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Respect your photographer! – Ems

Since starting at OnlyAirsoft in October, I’ve become a bit of a workaholic! What can I say, I love my job and (not to sound too big headed) but I am incredibly grateful I am able to work where I do. However, when I do have a do off I do enjoy visiting sites and taking photos of you lovely lot. Photography is something that I slowly got into throughout my childhood, with many hours spent with a camera in my hands. Take it from me, flowers are soooo much easier to shoot than Airsofters!

After a lot of hard work, practice and tutoring from the Jedi Master of Photography himself; Stuart Manks, I am finally at the stage where I am slowly at a point where I like my work. But what is really like to be an amateur photographer in Airsoft? What properly grinds my gears about being an amateur photographer?  Find out below!


“It can’t be that hard, all you do is just press a button right?”

WRONG! If I had a fiver for every time someone said that I would be a millionaire. There is a lot more involved than that, and I honestly don’t think people truly understand how many hours of work go into it.

Typically the majority of my work at the moment, it is taken at Halo Mill: Proving Grounds and Rift: Coms Site 3. Now if you’ve ever been to Proving Grounds from the Stevenage area, you’ll know it’s 3-hour drive! That’s a long way y’all!  Once you arrive, then begins the part of the day that can only be described as “total wipeout”. After crawling and sliding around in the mud, going from objective to objective, being shot to shit, to take hopefully awesome photos. Then the 3-hour drive (maybe more if you get stuck in Sunday traffic) home just to sit at a computer for hours editing. Now thankfully, for my proving grounds photos, Stu does the majority of the edits but this isn’t always the case.

So why do I do it? I get it you’ve probably just read my mini rant and thought why do you put yourself through that? Well firstly, it awesome! There is nothing more satisfying than looking back at your work and thinking “I am so pleased with this!”. Secondly, it helps my stress levels and has a positive impact on my mental health. I feel at my most relaxed and freest with a camera in my hands shooting airsofter. Finally, I feel as if my photos help grow this community for the best because the players go home with cool photos and show their friends which encourages more people to slowly get into the sport.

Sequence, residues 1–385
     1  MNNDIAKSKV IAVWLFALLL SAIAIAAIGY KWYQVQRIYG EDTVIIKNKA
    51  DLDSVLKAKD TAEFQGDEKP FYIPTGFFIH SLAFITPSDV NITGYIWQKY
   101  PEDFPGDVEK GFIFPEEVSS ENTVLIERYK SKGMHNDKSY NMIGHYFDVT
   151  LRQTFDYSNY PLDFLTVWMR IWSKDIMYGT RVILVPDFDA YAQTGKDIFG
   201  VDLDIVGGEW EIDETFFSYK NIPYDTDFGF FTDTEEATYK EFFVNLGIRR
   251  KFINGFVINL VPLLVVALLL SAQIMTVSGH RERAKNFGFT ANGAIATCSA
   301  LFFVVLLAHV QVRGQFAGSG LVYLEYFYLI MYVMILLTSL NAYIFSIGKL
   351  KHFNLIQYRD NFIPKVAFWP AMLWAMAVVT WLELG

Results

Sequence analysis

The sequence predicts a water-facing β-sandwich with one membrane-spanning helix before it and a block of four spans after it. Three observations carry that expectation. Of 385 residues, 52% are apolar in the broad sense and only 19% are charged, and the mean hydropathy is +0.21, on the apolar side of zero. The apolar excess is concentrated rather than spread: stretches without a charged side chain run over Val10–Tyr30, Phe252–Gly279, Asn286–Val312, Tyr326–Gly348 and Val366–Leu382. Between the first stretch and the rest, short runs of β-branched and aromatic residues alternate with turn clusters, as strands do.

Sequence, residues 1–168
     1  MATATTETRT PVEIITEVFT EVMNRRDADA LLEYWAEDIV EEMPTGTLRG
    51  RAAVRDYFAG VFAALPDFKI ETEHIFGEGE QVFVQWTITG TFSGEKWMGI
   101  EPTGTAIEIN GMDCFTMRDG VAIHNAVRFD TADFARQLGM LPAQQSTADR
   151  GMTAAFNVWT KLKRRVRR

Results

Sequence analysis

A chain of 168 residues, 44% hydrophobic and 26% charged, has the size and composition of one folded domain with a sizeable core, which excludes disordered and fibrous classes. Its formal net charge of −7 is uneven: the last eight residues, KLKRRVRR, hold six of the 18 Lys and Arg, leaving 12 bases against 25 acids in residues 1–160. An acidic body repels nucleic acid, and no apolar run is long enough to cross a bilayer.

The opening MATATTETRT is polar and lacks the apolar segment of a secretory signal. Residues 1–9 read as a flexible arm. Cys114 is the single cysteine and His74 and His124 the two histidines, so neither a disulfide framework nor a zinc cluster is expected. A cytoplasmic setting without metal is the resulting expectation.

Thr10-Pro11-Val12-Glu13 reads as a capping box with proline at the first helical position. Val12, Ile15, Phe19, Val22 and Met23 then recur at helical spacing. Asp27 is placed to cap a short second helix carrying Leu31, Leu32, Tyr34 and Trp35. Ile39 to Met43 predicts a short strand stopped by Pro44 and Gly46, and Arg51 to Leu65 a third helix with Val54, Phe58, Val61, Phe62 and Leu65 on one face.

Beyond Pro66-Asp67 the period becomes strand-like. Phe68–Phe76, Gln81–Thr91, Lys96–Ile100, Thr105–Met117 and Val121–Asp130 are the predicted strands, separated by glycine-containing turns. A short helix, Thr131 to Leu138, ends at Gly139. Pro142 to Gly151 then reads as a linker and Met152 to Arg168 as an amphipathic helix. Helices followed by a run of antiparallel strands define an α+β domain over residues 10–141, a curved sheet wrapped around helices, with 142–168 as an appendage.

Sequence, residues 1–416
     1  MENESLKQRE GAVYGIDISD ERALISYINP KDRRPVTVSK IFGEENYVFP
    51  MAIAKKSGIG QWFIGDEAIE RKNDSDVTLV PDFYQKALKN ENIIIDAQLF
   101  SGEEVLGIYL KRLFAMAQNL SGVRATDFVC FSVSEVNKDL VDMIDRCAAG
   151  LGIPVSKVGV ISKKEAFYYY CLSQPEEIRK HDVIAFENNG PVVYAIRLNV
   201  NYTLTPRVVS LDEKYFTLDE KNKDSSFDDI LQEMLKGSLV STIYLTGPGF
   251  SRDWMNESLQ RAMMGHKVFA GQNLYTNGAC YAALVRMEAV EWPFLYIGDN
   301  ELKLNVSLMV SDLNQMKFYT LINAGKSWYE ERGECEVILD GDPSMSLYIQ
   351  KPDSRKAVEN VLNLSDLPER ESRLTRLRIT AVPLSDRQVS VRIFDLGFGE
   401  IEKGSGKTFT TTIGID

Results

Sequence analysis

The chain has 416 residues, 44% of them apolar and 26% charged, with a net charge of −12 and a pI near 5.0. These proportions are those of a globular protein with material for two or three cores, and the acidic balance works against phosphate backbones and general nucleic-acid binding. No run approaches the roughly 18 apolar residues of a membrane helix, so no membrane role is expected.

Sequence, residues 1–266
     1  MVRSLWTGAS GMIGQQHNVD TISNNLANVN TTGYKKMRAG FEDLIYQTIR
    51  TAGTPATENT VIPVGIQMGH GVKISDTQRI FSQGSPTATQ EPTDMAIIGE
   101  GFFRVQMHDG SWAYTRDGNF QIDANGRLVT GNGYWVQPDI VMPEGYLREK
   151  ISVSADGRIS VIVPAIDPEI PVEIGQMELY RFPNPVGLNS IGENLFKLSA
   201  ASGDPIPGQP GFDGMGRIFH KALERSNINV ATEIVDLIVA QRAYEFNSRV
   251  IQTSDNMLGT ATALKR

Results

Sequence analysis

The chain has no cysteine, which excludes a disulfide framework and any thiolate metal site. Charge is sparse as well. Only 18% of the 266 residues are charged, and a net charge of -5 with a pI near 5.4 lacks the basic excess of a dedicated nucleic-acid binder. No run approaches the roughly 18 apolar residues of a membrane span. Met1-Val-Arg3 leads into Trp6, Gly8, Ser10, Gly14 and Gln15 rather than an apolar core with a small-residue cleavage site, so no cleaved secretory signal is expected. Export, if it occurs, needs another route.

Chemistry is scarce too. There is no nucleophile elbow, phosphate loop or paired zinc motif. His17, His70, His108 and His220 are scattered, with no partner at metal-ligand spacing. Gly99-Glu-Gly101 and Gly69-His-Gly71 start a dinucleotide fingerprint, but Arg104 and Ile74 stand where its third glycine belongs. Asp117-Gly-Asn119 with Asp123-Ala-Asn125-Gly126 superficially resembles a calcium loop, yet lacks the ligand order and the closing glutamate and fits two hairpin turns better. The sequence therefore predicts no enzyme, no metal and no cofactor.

And now the part you’ve all been waiting for, Emma goes into full-on rant mode! If you ask any photographer in airsoft, they have probably experienced at least one of this list.

Getting messages asking if the photos are posted 20 minutes after leaving the game day

This has now happened to me on several occasions where I have been having a cheeky pint in the pub after a long day of airsoft and I get messages asking when the photos are going to be uploaded. To be fair to players, I don’t think the majority of them realize that most photographers have actual jobs and that the site photography is only a part-time hobby, which we don’t get paid for.  All I would say if just think before messaging the photographer. You don’t know what’s going on day to day for them and editing photos might not be their top priority.

“Are there any more photos?”

After how many hours of painstakingly checking through each photo and editing the photos that have made the grade. You always seem to get that one message that goes along the general lines of this… “Is there going to be any more photos, as there aren’t any of me. I’m sure someone pointed a camera at me.” Ok firstly, I would only post photos that I am 100% happy with as it is my reputation and my work that will be judged at the end of the day. Secondly, yes the camera might have been in your general direction however the focus point could have been something else.


Photo Credit

Ah man, this one properly sucks and it’s such a small thing today. As photographers, we utilize social media to promote our work to the world. It is absolutely awesome to us when our work is posted on different social media platforms by you guys! It shows that we have done an ok job 🙂 However, I sadly often come across photos I have taken without the adequate photo credit being given. It is incredibly frustrating as so much work goes into the photos that we produce. Now I am no angel, I have been done it in the past, but it’s not until you step behind the lense that you truly understand. So my advice! Credit your photographers and if you don’t know the photographer’s name, just drop a message to the site.  They will be able to help you.

Cropping out watermarks

Following on from photo credit, we have cutting out watermarks. I haven’t had to experience this that much thankfully but I know friends that have. I do understand that different format sizing on various social media platforms does restrict how photos look when posting, however more and more images are having watermarks cropped out of them. Now 9 times out of 10 if you are really bothered about a watermark, photographers will have an unwatermarked version available (sometimes at for a small fee) that they will be able to send across to you. If not, just drop them a message and explain the situation to them. I would prefer the heads up, then just to come across it.


RANT OVER! Thank the lord! The end meaning behind this whole piece is purely to spread the message to respect and credit your photographer. They work extremely hard to make you look good and make sure you have a memory of the day that you can show off to your mates. Thank you for reading and see you on the next one!


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